MY IMMIGRANT MOTHER sits silently in a room the size of a small kitchen. Earlier this year, she survived multiple failures of the heart, kidneys, and limbs over the course of six weeks. She is seventy-three, uses a wheelchair, and for the first time in her life is surrounded by white people who do not speak Spanish, in the only nearby nursing home my parents can afford. In turn, my father drives through the days confronted by three omnipresent realities: hour-long daily visits with my mother, a night shift to keep him mentally and financially afloat, and a mailbox flooded with health care bills, insurance disputes and the complexity of navigating Medicare, Medicaid, and private insurers. When I speak of health reform, queer rights, or racial and economic justice, he gazes at me solemnly. He survived a lifetime of racial discrimination, fought in two wars and lived through the ensuing decades with a cacophony in his psyche. At seventy-eight, nearly blind and deaf, he will hear nothing of systems and reform. More often than not, these days we sit in silence.
This silence haunts me as an advocate who works at the intersection of aging and lesbian, gay, bisexual, transgender, and queer (LGBTQ) rights. The aging and LGBTQ advocacy fields often propose policy solutions that are too narrow to address the complexity of how all marginalized people — including heterosexual people of color such as my parents, members of the LGBTQ community, and more — experience the process of aging. We need social transformations that address the intersecting forms of oppression that older people face — and that can make sense of the chaos and silence that shroud my parents. This has become especially clear to me through my work as the director of a national policy program devoted to improving the health and well-being of LGBTQ older people.
For the full essay, which originally appeared in Tikkun Magazine click here
October is an important month for adults needing to secure insurance coverage. Not only is October 1st open enrollment for the Health Insurance Marketplace, but October 15th is the beginning of the Medicare Part D Open Enrollment period. Once enrolled in a prescription drug plan, it’s easy to forget the importance of checking annually to make sure your current plan is the most appropriate and cost effective.
The lack of in-language assistance available to Asian American and Pacific Islander elders makes it challenging for many to understand and to complete the enrollment process for important benefit programs such as Medicare, Medicaid, and Social Security. The National Asian Pacific Center on Aging was founded to ensure that Asian American and Pacific Islander seniors were able to effectively access the programs, services, and benefits that are available to all older adults. Thirty-four years later, NAPCA operates federal employment programs, promotes healthy aging initiatives, and assists limited English speaking elders to better navigate federal programs such as Medicare.
Today’s post is from Robert Espinoza, Senior Director for Public Policy and Communications at SAGE. Follow him on Twitter.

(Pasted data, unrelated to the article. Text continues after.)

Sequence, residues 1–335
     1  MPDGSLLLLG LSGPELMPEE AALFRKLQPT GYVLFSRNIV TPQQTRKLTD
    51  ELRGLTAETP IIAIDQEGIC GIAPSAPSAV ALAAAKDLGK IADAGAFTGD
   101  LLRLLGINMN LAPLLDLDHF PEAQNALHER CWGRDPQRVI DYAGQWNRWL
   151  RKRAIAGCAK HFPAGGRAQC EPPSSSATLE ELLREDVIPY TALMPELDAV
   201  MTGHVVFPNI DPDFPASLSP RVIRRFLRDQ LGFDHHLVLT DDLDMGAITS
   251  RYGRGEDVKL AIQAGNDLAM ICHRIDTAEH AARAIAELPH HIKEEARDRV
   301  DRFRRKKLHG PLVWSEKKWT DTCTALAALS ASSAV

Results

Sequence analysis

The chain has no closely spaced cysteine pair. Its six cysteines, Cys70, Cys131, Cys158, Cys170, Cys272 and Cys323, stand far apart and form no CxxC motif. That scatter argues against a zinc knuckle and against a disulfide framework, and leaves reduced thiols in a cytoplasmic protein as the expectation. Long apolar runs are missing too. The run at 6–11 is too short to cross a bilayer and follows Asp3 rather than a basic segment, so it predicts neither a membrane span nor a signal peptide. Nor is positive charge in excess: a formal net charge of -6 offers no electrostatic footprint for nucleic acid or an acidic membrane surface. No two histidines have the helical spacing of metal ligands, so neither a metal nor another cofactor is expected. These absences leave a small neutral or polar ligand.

In December 2010, I took part in a first-time meeting of national aging organizations working with older people of color and lesbian, gay, bisexual and transgender (LGBT) elders.
Over time, this group would form a coalition focused on federal policy reform—the Diverse Elders Coalition (DEC)—but what resonated in those initial meetings was a belief that we needed to sort through our individual interests, find multiple points of commonality, and employ a joint advocacy agenda that would profoundly change older people for generations to come.
We knew that a coalition approach was tactically smart; it leveraged our organizational resources and challenged the single-issue orthodoxy that too often shapes the dominant policy rhetoric. This approach also acknowledged our overlapping missions, growing demographics (and societal burdens), and multiple identities. We recognized that our communities shared many of the same political opponents and allies. And our aspirations for joy throughout the lifespan were in many ways similar. We believed that we could both unify and transcend our identity-based politics. Read More
Two weeks ago, we announced that we would be re-launching the Diverse Elders Coalition Blog. Read here to find out more.
We are thrilled that this day has finally come. As we previously promised, in addition to our regular contributing bloggers, we will have exciting guest bloggers. We will also display our content in a variety of different ways (e.g., pictures, videos, interviews, Top 5 columns, etc.) And much more! Have a suggestion? Contact us.
You can bookmark this page or subscribe to our RSS feed to stay updated. Check back on Wednesday to read our latest post, courtesy of National Hispanic Council on Aging (NHCOA). Until then, enjoy some highlights from the blog’s history:
The Diverse Elders Coalition (DEC) was founded in 2010, and in July 2012 we launched our official website, which also serves as a news and commentary blog on the social, political and economic issues affecting the growing yet vulnerable demographic of elders who are Black, Hispanic, Asian/Pacific Islander, American Indian/Alaska Native, and lesbian, gay, bisexual and/or transgender (LGBT).In the last eight months, we have put out numerous posts on the issues that affect our communities and the creative ideas and best practices to address them. In the summer of 2012, we also released Securing Our Future: Advancing Economic Security for Diverse Elders, a resource that describes the issues facing elders of color and LGBT elders, who together will represent a majority of older adults in the United States by 2050.
In this time, we have received some wonderful comments on our work, as well as helpful feedback from our readers (all of you) on how to improve the site to better meet your needs—and we listened to you. Members of the Diverse Elders Coalition came together and crafted an exciting plan for moving forward by implementing many of your ideas, which you’ll see starting with our blog re-launch on March 18. Here are some of the improvements to look forward to: